Lawyers in Virginia are gearing up for a hearing in court Friday morning on the state attorney general's motion for a preliminary injunction to prevent enforcement of the travel ban nationwide. The state argues that the central provisions of President Donald Trump's executive order -- barring citizens of Iraq, Syria, Iran, Libya, Somalia, Sudan and Yemen from entering the US for 90 days and temporarily cutting off refugee admissions -- are unconstitutional.
As of now, those provisions of the executive order remain temporarily suspended nationwide because of a decision issued by US District Court Judge James Robart in Seattle last Friday. As a result, foreign travelers from the seven banned Muslim-majority countries have been allowed to enter the US -- for now.
The 9th Circuit is expected to rule Thursday evening, and if it flatly denies the government's request to reinstate the travel ban, Robart's order suspending the travel ban will remain in place. The Virginia case could potentially provide an extra layer of longer-term protection since Robart's order was only temporary.
But if the the 9th Circuit grants the Justice Department's motion to stop Robart's suspension of the executive order, or limits its terms in any way that reinstates the travel ban, then what happens in Virginia on Friday could quickly become a game-changer.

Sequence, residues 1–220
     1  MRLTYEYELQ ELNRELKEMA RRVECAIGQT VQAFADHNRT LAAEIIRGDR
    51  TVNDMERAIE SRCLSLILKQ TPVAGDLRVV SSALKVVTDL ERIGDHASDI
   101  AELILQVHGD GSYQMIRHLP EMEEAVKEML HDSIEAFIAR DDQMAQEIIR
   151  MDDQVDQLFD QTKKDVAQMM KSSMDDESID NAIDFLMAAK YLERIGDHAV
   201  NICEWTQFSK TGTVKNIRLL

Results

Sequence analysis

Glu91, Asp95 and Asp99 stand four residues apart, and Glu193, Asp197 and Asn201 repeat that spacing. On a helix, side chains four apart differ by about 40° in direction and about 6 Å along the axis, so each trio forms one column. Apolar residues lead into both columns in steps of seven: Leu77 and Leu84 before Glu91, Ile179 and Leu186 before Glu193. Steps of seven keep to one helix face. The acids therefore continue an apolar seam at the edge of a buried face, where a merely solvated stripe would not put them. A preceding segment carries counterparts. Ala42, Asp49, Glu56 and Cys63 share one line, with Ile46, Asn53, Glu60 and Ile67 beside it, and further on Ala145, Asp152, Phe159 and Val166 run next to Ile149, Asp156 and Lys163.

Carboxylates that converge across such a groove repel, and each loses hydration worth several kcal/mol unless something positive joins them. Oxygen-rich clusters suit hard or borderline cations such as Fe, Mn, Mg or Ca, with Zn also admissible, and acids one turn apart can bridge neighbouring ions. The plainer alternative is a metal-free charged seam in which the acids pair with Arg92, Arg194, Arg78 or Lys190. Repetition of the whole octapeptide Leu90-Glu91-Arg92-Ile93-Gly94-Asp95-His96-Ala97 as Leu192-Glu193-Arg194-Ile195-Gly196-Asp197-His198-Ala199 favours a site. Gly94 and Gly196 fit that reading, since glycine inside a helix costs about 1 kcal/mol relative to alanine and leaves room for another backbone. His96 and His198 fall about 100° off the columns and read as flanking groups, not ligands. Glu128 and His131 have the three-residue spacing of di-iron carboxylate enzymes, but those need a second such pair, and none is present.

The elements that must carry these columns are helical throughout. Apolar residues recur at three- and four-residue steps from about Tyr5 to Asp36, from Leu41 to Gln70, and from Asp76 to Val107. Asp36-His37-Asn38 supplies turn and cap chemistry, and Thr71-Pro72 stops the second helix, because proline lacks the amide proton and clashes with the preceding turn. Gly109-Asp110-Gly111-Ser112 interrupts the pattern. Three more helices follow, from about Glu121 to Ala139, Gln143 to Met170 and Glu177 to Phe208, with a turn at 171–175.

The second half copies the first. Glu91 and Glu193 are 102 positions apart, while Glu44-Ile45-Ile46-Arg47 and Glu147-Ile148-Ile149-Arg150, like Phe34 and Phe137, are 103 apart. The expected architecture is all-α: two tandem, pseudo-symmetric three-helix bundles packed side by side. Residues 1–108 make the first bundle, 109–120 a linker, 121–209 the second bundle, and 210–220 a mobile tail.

"The hearing on the preliminary injunction (on Friday) will be one of the most significant developments in any case in the country challenging the suit because it will be the most in-depth examination of the merits of the arguments against the ban," Michael Kelly, a spokesperson for Virginia attorney general's office, said in a statement.
While it is unclear how US District Court Judge Leonie Brinkema might rule on the state's motion in the Virginia case, her comments on the travel ban in open court last week were illuminating.
The executive order "was issued so quickly, it's quite clear that ... not all the thought went into it that should have gone into it. As a result, there has been chaos," Brinkema said last Friday.
"I have to tell you I've been on this bench a long time. I was the judge that handled the September 11 case. I have never had so much public outpouring as I have seen in this case. It is amazing. ... This order touched something in the United States that I've never seen before. People are really upset."
Brinkema went on to explain that while there is "no question the president of the United States has almost unfettered discretion in matters of international relations and in protecting the borders. ... (I)t's not unfettered. There are limits."
The judge further credited the Justice Department for working on individual agreements to bring foreign travelers stuck abroad back to the US on a case-by-case basis, but said she did not believe the Trump administration had gone "far enough" to remedy the situation.
"I hope you would give serious thought to thinking more broadly about how you want to address these issues," Brinkema told an attorney for the Justice Department in court last week.
The hearing on the state's motion for a preliminary injunction halting the travel ban will begin at 10 a.m. ET on Friday.